In a recent post, Michael Linton defends the Christian potential for works of art originally designed to offend and mock Christians. The idea is that the divine invasion of space and time in Jesus Christ is a pretty big shock to our otherworldly spiritual imaginations. The cross, as St. Paul observed, is a scandal and offense. Prophetic judgment is uncomfortable and unsettling.
I don't know about you, but that's not my reaction to Serrano's photograph. I yawn and roll my eyes. Gee, transgression. What a novel and threatening idea. Hold on, this is really unsettling ...
No, I'm not offended. I'm bored and wish that artists couldn't get away with the profoundly complacent and smug belief that offending pious Middle America counts as being avant-garde. Hello, this is very old news.
And it is more than old newsit is establishment art of the worst kind. One of the great French painters of the late eighteenth and early nineteenth centuries was Jacques-Louis David. His dramatic neoclassical paintings were meant to give heroic expression to French public life, first in scenes of Revolution (see his Tennis Court Oath) and then in images of Napoleon's imperial grandeur (see Bonaparte Crossing the St. Bernard Pass). He was the impresario who designed and oversaw massive public spectacles in Paris. All in all, David's art was meant to reassure elite French sentiment by assimilating it to the authority and success of classical Roman culture. I don't support the revolutionary or imperial sentiments, but I admire David's élan. The man knew how to manipulate his viewers, and he was one of the first to do so with a modern sense of the public role of propaganda.
Serrano and a great deal of the foundation-supported and gallery-championed artists of today play exactly the same role. His work is part of a transgressive tradition that may have started as a shocking, liberating experience for its viewers but is now a profoundly reassuring and confirming experience for most. We congratulate ourselves for our critical superiority. If we have faith, then we think ourselves brave and sophisticated for not taking offense. If we are a Blue State types, then we say, "Isn't it great that Serrano has the courage to take on religious authority." Either way, Serrano and those like him reinforce and reassure the dominant, supposedly critical and cutting edge, but covertly conventional, attitudes of elite American opinion.
And let's be honest folks, transgressive art tends to be a caricature of the grandiose ambition of David's work. (Although I must give Robert Mapplethorpe credit on this score. His bullwhip in the anus photo evokes the authority of ancient images of the devil and his tail, and this is more akin to the sophistication of David's neoclassical presentation of French public life. But it is not clear to me that Mapplethorpe is a transgressive artist in any clear sense.) Moreover, most transgressive artists lack self-conscious awareness of what transgressive art is really all about. The upshot is the worst of all possible worlds: conventional, establishment art that is self-deceived.
Recently, we had a speaker come to my campus. He was dean of a school of education, and his talk was titled, "The Movement from Cynicism to Joy in Critical Education." News tends to come by pony express to education programs, so I sat up and took notice. Could it be possible that the educational establishment has finally realized that our postmodern students just block out so-called "critical education"? The advertised eye-opening shock of critique has become so thoroughly integrated into pedagogy that it is experienced as a ritualized, habitual performance necessary to satisfy the course requirements. In the creaky machinery of the educational establishment, the only genuine function of critique is to reassure teachers of their own sophistication and moral authority.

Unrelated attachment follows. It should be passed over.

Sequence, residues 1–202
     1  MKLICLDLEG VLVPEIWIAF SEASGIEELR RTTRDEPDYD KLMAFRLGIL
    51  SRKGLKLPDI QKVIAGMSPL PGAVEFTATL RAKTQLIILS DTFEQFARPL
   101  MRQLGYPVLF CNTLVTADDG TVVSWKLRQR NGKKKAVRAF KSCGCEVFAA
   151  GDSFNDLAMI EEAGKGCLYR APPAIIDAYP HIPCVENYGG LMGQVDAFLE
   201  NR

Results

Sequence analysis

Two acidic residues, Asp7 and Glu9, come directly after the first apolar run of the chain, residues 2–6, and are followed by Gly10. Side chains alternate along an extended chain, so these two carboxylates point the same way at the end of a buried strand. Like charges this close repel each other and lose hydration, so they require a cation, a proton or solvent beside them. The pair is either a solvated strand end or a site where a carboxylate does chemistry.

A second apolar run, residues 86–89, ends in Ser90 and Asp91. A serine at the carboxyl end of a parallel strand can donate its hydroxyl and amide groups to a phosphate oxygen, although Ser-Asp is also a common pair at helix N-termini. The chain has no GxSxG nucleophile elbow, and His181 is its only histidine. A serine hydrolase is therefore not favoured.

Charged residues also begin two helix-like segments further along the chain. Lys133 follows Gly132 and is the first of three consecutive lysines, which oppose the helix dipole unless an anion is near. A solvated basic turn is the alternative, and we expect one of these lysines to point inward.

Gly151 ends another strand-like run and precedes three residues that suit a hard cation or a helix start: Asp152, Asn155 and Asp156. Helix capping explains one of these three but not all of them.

I don't think our situation is too complicated. My students tend to be shocked by self-discipline, piety, loyalty, and love. One of my former students is a monk at a local monastery. I had him teach a class on Thomas Merton. The students were taken aback.
I am convinced that the avant-garde today is to be found in piety and love. Serrano's silly photograph is entirely loveless. He loves neither the form of the cross nor the urine. The postmodern educational aesthetic of critique is loveless, or maybe more accurately, it lives on the hollow love of its own impiety. It is the professor who conveys his love for Henry James or T.S. Eliot who wins the day. It is the novelist who loves humanity who is cutting against the spirit of the agewhich is why Tom Wolfe is such a crushingly conventional, establishment author. He has the same high disdain for the cartoon characters that populate his novels as self-congratulatory critical thinkers have for the complex realities of piety that they turn into tin-foil simplicities easily debunked over an espresso.
And the church musician or Christian artist? To Michael Linton, I would say that what really shocks is not Isaiah's voice of judgment; it is his love for and loyalty to a polluted Israel. I'm pretty sure that training listeners to distance themselves from the sins of America by the bombast of a grotesque version of "The Star Spangled Banner" fails to convey the shock of that kind of love.
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